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Trust

Updated: Aug 20, 2023

Today is all about nonfiction, because today is about trustworthiness.

Do you trust what you read? Should you?


There are many good and bad sides to many coins in the publishing industry becoming as some people call it democratized. Anyone can self-publish today on Amazon, and anyone can say anything they want on the internet.


When we used to see a book on a bookstore shelf, there was an assumption of authority. The content between the covers of that book had been reviewed by experts in the field, by editors, and by … someone useful... and was factual so far as the topic matter could be factual. We trusted the content and we trusted the source. To some extent we even trusted the bookstore that curated the content. We still think that.

Research scientists and many people in related fields as well as journalism, social sciences, etc. find a great deal of success and notoriety by means of publication. They have an increase in clout. But is it true that they should do so?





Nothing at all prevents me from publishing a book tomorrow espousing that the Earth is flat. As a physicist I can demonstrate in my own backyard with a yardstick that it is not. The Greeks knew it was not, and even estimated the length of the equator remarkably closely. But nonetheless I could say otherwise, and give false data enough to fill a book. The book could be read and it might be believed by some.


So who do we trust? When you pick up a nonfiction piece do you know that it is right?

First let me say, avoid echo chambers. That is harder and harder to do today, but it is more important than ever we do it. I am not by any means saying to give equal credence to every side in an argument. That is wrong too. Not every side has equal data or is equally correct, but I am saying you can and should read judiciously on both sides of a question. If you don’t know what is right or have reason to believe humanity as a whole doesn’t know, read broadly. This will give you data from both sides of any given argument.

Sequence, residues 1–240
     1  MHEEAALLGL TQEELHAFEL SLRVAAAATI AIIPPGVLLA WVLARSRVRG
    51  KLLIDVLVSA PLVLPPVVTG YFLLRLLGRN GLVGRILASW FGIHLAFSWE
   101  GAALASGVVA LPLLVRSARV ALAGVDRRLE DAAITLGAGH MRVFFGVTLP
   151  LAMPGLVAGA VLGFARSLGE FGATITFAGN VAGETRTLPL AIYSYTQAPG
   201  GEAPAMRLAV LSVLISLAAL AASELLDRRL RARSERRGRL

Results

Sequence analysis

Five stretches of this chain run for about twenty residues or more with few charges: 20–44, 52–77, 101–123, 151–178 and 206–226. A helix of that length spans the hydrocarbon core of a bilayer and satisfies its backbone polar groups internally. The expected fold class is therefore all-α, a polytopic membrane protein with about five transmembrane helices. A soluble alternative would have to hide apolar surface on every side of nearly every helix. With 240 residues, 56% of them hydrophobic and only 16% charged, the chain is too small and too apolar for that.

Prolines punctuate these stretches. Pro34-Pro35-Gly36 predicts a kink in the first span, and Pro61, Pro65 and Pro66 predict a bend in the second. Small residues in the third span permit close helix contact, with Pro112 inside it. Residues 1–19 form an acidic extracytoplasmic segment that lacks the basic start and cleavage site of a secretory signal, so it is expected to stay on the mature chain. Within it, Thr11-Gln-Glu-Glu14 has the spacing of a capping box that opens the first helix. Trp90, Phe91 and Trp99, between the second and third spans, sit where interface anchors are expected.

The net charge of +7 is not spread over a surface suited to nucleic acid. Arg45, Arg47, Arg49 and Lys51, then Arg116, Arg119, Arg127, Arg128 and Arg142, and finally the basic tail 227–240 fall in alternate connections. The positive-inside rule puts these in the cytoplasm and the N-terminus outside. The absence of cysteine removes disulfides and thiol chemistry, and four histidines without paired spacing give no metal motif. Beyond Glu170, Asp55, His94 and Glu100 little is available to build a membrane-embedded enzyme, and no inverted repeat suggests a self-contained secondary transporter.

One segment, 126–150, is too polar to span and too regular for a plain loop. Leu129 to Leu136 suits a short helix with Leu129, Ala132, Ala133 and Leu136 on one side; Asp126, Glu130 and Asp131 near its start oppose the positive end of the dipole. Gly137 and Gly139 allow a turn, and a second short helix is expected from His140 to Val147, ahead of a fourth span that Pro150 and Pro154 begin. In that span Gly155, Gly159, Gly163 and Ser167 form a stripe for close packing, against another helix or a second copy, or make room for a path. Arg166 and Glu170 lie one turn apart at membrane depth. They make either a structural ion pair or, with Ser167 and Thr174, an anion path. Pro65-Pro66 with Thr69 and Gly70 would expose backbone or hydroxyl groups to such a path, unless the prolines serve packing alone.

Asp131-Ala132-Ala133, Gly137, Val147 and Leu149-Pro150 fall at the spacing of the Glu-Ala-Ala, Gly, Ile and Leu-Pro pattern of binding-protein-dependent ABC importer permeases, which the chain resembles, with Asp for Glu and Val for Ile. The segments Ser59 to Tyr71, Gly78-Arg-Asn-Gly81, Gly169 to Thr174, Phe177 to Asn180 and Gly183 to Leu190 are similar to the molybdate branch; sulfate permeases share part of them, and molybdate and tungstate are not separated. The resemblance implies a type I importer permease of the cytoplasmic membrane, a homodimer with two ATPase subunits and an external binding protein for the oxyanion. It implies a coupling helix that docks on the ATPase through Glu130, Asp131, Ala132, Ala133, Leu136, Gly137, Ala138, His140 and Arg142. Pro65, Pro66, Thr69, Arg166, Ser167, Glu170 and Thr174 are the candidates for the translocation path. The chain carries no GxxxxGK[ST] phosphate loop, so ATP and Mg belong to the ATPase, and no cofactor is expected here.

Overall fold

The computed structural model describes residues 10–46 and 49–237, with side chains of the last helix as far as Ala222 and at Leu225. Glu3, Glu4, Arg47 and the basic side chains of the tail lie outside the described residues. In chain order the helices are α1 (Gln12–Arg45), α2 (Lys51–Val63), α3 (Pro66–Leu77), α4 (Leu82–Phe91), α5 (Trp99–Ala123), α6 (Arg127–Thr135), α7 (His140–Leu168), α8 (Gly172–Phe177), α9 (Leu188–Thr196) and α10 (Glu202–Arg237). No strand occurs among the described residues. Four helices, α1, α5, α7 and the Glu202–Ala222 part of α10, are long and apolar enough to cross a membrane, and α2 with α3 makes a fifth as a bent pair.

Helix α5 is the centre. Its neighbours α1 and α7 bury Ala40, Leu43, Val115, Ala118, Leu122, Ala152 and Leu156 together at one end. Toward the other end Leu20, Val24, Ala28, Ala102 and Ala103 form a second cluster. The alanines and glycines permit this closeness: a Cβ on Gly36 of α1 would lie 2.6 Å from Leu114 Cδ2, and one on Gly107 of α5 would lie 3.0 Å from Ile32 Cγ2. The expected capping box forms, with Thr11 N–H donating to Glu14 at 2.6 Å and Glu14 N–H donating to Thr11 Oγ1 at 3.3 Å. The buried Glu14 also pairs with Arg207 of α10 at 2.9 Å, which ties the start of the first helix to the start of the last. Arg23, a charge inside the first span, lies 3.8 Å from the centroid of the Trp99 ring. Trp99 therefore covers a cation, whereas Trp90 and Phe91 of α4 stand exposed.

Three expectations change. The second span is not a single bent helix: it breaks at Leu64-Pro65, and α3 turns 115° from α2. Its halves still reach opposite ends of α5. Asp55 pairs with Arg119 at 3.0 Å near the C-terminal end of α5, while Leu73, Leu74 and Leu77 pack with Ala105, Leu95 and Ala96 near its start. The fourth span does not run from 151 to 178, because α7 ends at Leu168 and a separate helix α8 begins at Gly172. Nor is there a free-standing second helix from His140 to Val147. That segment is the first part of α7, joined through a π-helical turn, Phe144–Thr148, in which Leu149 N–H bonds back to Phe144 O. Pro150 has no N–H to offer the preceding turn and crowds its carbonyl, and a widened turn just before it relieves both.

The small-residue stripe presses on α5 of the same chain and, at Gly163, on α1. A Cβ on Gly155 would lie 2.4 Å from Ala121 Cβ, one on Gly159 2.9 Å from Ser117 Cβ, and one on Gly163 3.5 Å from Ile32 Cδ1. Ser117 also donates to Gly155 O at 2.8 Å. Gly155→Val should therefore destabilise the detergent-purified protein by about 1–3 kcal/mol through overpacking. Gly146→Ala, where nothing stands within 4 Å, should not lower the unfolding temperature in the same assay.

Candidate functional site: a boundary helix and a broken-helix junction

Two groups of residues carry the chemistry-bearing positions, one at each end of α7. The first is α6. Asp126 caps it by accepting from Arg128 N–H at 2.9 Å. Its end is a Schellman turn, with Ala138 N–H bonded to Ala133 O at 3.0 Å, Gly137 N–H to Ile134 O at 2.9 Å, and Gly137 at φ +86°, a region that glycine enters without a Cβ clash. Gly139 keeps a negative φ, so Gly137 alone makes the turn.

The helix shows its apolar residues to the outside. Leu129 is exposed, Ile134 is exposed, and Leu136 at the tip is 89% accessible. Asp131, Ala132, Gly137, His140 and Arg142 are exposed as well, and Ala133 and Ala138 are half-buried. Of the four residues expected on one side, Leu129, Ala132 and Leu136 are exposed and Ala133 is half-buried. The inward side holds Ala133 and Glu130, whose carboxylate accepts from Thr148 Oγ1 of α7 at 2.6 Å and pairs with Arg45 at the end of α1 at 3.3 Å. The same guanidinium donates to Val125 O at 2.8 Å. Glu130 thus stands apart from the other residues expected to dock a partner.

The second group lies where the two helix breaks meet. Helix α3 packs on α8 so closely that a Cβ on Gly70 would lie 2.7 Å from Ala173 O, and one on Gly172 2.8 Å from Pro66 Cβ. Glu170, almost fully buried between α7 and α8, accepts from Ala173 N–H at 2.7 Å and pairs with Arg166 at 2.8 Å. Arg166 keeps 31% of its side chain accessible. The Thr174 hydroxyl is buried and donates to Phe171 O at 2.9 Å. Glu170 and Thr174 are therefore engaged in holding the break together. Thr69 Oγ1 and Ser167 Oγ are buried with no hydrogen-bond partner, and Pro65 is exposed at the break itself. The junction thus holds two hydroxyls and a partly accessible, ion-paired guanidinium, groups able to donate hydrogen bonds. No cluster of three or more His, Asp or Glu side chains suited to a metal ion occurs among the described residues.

Another method to know if what you are reading is valid is to check the authors' references. If tomorrow I wrote a book on how to sew, everyone should be skeptical. I have never thrown a single stitch in my life. If I write a book on physics, we might be on better ground. Look up the education experience, and publicly available accolades of the individual who is saying they know something. By no means will this guarantee factual data, but it might help.


Finally understand that perfectly factual data is at times hard to come by and a person without an agenda and no bias is impossible to come by. Everyone has biases, including whoever you learned the most from in your life. They will hold beliefs which are wrong, just as I do, just as you do. The key to reading correctly, is to read enough, that you can have reasonable confidence in what you say, and reasonable self-doubt, to learn more.

Whatever you do, do not trust blinding to any source. especially when it is important. (Medicine, child care, money matters, self help... etc.)


Learn, and do so broadly.


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Anna Varlese
Anna Varlese
19 Ιουλ 2023

Great PSA!

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